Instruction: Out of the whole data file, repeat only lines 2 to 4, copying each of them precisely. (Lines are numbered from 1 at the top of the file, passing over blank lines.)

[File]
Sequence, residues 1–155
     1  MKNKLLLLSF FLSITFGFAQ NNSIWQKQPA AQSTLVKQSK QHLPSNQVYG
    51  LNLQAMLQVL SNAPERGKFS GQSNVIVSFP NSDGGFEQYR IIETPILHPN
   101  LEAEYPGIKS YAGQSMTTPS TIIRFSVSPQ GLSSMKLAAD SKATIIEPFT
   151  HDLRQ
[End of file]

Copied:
     1  MKNKLLLLSF FLSITFGFAQ NNSIWQKQPA AQSTLVKQSK QHLPSNQVYG
    51  LNLQAMLQVL SNAPERGKFS GQSNVIVSFP NSDGGFEQYR IIETPILHPN
   101  LEAEYPGIKS YAGQSMTTPS TIIRFSVSPQ GLSSMKLAAD SKATIIEPFT